Archive for the 'Our Little Series of Tubes' Category


Women in Opposition to Mommy Blogging: A Modest Proposal for a Mini Revolution

As a followup to Father’s Day, I thought I’d propose something: an end to Mommy Blogging. Why is this a followup to Father’s Day? I read an article yesterday about Daddy Wars being imminent, which of course made me think (a) awesome (100% of the workforce feeling there are unfair demands on their time is a heck of a lot more compelling a reason to change “time macho” policies than 50%), and (b) God, can’t we stop with the Mommy Wars before branching out into both genders?

At the center of Mommy Wars are, of course, the Mommy Bloggers: people who have decided to take it upon themselves to chronicle every piddly thing their kids do (or they do with/for their kids) and publish it. The idea is a nice enough one. The results, however, have arguably been divisive and injurious to blogging in general, women’s psyches, and kids’ futures. Let’s take each argument on a case-by-case basis:

1. Mommy Blogging is Bad Blogging:

This is a fact, full-stop. Why? Because Mommy Blogs are insanely boring to read. Who gives a shit about your kids’ every move, and about your every move as a parent? Nobody. Which is why you’re blogging, because even the kids’ grandparents are avoiding your calls at this point.

There is something fantastically freeing about being able to write about anything you want in any style you want. That is why we love blogging. But not every Courtesy www.psychologytoday.comthought that enters into your head (or your kids’ head) is worthy of being memorialized on the internet. If you want to tell someone about every little thing your kid does, get a dog and talk your fool head off all day.

Quick note: Why, you may ask, are Mommy Blogs so powerful and well-read if they’re so terrifically boring? Moms feel guilty about not doing enough, so we tend to seek out proof that we are in fact as terrible/lazy a human being as we’d suspected.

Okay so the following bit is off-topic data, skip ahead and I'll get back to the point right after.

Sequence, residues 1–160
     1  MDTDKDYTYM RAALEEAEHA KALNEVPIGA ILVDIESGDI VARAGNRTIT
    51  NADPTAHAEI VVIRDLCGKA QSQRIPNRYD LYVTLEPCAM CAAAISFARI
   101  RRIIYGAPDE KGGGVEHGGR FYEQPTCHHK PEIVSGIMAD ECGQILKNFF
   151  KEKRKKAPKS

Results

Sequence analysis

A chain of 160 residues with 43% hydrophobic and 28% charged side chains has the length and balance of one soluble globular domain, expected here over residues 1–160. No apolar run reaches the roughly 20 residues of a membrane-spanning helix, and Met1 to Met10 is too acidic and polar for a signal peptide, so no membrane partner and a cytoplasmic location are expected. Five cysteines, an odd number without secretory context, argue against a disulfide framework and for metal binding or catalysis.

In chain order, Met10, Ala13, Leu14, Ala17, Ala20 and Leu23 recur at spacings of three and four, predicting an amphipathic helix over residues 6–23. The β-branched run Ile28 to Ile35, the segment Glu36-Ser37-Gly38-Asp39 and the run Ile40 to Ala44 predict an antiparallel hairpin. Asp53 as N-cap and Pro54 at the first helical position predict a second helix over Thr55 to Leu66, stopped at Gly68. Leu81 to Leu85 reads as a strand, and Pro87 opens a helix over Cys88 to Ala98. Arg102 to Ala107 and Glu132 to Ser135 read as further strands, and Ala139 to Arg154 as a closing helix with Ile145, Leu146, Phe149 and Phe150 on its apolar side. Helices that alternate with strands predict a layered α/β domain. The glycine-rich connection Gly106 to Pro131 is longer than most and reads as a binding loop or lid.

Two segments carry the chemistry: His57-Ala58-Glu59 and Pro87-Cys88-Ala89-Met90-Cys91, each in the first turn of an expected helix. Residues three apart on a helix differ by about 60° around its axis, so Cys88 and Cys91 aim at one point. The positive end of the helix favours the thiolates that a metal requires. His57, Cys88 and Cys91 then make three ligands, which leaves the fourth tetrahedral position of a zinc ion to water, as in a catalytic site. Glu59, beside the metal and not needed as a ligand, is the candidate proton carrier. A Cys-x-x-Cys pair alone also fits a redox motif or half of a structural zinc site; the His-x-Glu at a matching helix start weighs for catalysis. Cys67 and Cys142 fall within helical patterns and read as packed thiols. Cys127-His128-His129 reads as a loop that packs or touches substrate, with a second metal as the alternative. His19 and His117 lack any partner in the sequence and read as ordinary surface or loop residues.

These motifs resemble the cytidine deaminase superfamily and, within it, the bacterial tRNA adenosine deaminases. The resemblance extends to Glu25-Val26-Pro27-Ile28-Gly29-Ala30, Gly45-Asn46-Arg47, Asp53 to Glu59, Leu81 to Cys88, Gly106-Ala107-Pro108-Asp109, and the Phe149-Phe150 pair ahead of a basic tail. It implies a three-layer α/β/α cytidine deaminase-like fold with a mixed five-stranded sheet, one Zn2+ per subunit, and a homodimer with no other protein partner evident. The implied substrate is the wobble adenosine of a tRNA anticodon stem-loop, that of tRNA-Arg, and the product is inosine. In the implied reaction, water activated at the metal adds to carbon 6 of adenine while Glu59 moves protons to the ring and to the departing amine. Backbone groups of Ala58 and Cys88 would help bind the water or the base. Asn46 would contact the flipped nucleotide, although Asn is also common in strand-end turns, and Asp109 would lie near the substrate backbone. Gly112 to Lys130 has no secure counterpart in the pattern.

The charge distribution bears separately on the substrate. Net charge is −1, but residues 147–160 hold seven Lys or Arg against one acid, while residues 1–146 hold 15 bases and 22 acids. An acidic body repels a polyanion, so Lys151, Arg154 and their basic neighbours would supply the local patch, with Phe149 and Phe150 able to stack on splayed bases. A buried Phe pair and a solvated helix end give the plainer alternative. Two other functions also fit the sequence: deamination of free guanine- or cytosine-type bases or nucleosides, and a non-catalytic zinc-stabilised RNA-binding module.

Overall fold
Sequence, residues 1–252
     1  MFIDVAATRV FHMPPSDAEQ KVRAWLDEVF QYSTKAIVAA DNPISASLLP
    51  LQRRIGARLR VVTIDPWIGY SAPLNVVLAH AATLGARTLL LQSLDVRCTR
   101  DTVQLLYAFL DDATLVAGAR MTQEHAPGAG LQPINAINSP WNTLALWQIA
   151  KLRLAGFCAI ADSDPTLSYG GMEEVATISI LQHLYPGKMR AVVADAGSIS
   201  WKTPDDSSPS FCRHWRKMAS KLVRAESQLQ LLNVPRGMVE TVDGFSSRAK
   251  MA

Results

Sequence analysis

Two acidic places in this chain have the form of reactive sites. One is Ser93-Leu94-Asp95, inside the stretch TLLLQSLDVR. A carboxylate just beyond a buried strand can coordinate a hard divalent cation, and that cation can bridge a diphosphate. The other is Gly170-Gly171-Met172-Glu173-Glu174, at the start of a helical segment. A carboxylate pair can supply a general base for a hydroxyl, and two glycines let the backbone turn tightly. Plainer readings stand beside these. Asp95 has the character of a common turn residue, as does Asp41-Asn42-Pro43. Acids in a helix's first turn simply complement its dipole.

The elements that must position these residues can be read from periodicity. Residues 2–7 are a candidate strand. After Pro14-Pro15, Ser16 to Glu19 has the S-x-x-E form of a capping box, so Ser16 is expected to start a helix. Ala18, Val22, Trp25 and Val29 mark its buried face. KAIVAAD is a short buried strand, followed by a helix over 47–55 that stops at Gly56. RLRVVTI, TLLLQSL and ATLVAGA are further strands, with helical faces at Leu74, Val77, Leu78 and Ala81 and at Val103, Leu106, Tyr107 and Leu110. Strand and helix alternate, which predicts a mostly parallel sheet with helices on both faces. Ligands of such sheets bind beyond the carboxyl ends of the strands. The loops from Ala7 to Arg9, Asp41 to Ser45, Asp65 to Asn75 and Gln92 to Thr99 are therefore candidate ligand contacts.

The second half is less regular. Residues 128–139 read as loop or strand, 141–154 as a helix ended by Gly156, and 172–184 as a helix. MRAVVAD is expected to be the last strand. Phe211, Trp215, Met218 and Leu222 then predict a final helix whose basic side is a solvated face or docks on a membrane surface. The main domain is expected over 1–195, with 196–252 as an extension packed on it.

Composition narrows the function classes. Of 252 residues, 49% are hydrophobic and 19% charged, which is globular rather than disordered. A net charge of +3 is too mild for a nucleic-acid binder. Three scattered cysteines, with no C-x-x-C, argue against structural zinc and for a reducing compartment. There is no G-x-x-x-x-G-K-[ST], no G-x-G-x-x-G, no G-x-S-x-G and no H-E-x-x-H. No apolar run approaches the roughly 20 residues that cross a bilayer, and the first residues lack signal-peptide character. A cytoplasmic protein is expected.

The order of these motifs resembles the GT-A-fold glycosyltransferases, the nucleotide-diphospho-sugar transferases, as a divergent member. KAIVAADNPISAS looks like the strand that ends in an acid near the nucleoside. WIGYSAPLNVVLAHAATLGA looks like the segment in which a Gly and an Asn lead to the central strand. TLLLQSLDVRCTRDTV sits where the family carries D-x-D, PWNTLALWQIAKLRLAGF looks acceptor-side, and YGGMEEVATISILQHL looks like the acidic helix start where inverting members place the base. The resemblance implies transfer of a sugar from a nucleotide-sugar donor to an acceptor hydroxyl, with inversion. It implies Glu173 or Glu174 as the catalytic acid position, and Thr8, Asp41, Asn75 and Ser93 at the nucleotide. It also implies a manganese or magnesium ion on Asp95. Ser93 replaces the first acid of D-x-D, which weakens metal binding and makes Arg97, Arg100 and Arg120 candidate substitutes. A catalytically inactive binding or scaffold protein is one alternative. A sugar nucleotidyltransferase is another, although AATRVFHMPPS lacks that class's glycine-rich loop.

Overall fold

2. Mommy Blogging is Bad For Kids:

This is another easy-to-prove one. Your kids are probably awesome little people. But even the awesomest little people don’t need everything they do validated/commemorated in order to know they’re awesome. On the contrary, beginning early with a constant need for validation with your kids is one of the best ways to ensure they never grow up. If that’s your goal, great. But if you want to raise confident, independent young people, psychologists agree that constant validation of every action may not be the way to go (at any age).

Not the most interesting thing he did all day.

Plus, if your kid really requires that every meal he eats be something organically farmed at home, then lovingly prepared and presented inside a modified bento box, then you may be in danger of raising a total asshole.

3. Mommy Blogging is Bad For Women:

“But Mommy Bloggers seem so sweet! And they’re so aspirational!” Feh. Granted, some people who engage in basically any activity are nice, and then there are some assholes. But there are two problems here: (1) anonymity exacerbates the assholery (Don’t believe me? Check out Urban Baby’s message boards, on which you will find, as Tina Fey so expertly put it, “some of the worst human behavior I’ve ever seen in my life.” Really. Those boards, which masquerade as something aspirational and helpful, are just excuses for racist and classist assholes to get together and be racist and classist. And (2) the “Mommy” moniker makes it seem as though these people are all united under a single umbrella. The truth is that there are dicks who are moms, and there are awesome people who are moms. Forcing a community out of the name your kids call you is ridiculous.